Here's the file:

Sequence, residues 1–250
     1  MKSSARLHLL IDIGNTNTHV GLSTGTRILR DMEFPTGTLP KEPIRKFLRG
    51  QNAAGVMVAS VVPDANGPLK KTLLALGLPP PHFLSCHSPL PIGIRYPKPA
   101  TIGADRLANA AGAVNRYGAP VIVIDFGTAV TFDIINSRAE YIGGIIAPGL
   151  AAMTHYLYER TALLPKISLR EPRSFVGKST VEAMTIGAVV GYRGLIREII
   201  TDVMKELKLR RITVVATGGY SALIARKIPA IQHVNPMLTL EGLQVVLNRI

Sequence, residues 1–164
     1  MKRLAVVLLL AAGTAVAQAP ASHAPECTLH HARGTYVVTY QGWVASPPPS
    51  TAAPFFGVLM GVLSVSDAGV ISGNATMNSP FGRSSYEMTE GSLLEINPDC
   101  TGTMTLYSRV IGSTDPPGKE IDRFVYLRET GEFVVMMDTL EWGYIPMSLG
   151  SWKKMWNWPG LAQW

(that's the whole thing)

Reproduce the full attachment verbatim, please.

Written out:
Sequence, residues 1–250
     1  MKSSARLHLL IDIGNTNTHV GLSTGTRILR DMEFPTGTLP KEPIRKFLRG
    51  QNAAGVMVAS VVPDANGPLK KTLLALGLPP PHFLSCHSPL PIGIRYPKPA
   101  TIGADRLANA AGAVNRYGAP VIVIDFGTAV TFDIINSRAE YIGGIIAPGL
   151  AAMTHYLYER TALLPKISLR EPRSFVGKST VEAMTIGAVV GYRGLIREII
   201  TDVMKELKLR RITVVATGGY SALIARKIPA IQHVNPMLTL EGLQVVLNRI

Sequence, residues 1–164
     1  MKRLAVVLLL AAGTAVAQAP ASHAPECTLH HARGTYVVTY QGWVASPPPS
    51  TAAPFFGVLM GVLSVSDAGV ISGNATMNSP FGRSSYEMTE GSLLEINPDC
   101  TGTMTLYSRV IGSTDPPGKE IDRFVYLRET GEFVVMMDTL EWGYIPMSLG
   151  SWKKMWNWPG LAQW